MIT's robot cheetah is getting more realistic by the day. While it still looks more like a ram than a cheetah, it's getting closer to recreating a cheetah's speed, agility, and movement patterns.

Scientists at MIT's Biometrics Robotics Lab have now trained the Cheetah 2 to jump over objects at high speed, whereas before its greatest achievement was running untethered.

Cheetah 2 can now perform a running jump after the team uploaded an algorithm that allows the robot to react to its surroundings.

The robot uses a laser distance sensor to map its environment, so that objects visual scene that do not show up as a straight line appear as obstacles. The robot can estimate the size and distance of an obstacle in order to adjust its jump, according to researchers.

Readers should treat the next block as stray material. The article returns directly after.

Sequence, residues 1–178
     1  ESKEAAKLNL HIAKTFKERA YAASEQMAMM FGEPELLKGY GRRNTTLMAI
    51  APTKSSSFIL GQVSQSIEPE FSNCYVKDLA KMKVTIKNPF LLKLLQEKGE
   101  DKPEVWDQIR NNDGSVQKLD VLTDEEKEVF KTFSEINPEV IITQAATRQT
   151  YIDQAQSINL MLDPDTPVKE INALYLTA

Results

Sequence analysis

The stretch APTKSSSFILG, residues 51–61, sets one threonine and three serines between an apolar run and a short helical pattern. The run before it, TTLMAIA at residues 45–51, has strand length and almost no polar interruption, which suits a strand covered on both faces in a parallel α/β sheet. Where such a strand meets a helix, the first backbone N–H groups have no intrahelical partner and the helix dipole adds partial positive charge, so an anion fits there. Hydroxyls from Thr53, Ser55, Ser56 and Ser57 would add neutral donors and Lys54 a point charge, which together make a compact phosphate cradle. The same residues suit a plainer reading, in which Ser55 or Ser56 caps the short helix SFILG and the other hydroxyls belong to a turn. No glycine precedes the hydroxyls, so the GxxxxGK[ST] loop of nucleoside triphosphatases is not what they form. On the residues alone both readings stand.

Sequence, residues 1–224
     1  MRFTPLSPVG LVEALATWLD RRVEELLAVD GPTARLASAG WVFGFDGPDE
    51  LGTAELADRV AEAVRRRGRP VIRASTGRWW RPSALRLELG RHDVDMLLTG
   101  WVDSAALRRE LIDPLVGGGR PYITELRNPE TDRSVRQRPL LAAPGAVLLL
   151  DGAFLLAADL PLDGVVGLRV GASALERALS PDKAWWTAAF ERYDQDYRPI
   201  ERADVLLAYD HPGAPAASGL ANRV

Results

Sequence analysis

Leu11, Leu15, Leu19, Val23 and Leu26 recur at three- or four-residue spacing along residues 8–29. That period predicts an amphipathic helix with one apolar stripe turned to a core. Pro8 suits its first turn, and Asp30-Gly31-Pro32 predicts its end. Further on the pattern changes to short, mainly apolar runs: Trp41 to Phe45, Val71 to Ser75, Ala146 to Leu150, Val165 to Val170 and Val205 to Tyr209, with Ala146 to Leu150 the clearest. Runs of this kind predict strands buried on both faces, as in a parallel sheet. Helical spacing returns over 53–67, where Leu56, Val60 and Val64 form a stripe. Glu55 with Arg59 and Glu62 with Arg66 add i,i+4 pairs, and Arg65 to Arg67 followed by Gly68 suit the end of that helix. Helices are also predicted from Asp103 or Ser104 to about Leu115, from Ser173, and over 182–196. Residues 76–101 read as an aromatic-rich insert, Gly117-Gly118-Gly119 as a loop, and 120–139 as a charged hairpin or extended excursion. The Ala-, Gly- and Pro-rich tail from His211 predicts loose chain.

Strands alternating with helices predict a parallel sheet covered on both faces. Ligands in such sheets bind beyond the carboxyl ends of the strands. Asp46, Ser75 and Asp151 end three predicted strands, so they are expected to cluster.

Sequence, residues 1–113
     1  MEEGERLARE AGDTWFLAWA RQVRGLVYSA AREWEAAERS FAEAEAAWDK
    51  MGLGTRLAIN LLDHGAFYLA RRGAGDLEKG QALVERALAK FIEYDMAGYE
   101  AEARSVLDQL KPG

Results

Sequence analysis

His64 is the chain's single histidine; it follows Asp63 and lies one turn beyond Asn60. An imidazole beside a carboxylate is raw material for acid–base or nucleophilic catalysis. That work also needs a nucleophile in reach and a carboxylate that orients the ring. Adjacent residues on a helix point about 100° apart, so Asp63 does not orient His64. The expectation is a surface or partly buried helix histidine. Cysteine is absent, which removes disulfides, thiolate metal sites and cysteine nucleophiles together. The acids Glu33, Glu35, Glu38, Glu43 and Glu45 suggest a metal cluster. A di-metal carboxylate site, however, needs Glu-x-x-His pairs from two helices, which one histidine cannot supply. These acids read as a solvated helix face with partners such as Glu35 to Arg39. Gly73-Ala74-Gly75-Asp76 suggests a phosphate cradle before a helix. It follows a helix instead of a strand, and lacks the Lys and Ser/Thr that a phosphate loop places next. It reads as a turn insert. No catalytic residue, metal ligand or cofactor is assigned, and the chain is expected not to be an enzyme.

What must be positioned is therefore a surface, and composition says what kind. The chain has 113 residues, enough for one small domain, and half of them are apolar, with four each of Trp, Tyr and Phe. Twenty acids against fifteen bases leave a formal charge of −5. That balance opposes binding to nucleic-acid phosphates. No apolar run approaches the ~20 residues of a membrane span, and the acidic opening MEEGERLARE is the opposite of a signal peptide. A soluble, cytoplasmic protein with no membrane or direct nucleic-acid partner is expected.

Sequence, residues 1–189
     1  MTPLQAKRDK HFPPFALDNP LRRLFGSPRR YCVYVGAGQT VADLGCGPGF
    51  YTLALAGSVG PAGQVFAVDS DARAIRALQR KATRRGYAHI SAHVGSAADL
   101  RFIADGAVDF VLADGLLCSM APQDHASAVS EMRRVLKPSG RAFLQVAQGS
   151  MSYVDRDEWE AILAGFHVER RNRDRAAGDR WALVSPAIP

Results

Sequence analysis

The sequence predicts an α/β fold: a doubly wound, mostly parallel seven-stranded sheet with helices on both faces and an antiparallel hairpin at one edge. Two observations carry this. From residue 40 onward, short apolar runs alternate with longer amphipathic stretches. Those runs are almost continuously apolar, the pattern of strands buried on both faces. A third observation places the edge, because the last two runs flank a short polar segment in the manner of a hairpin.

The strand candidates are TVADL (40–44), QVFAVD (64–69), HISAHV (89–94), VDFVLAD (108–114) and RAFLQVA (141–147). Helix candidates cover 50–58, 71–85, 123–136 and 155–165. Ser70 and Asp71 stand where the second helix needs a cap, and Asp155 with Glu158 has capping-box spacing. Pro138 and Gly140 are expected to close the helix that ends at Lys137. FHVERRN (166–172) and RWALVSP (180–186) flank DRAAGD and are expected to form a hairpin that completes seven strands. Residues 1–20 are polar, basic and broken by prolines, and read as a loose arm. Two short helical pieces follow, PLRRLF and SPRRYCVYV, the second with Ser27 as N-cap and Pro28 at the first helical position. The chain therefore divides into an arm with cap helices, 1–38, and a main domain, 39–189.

Here, Cheetah 2 demonstrates the running jump as obstacles are thrown at it, with the biggest hurdle being 40 centimetres tall.

When it detects the obstacle, the cheetah replans its step lengths to get into the right position for the jump. Then, an algorithm carefully selects how much its legs should thrust to get over the obstacle.

Here comes the real test. MIT researchers Hae Wong Park, Patrick Wensing, Sangbae Kim then let the robot off its leash to see whether it could freely jump three objects in quick succession. And it did!

Here's that last one again in slow motion:

Here's the whole video:

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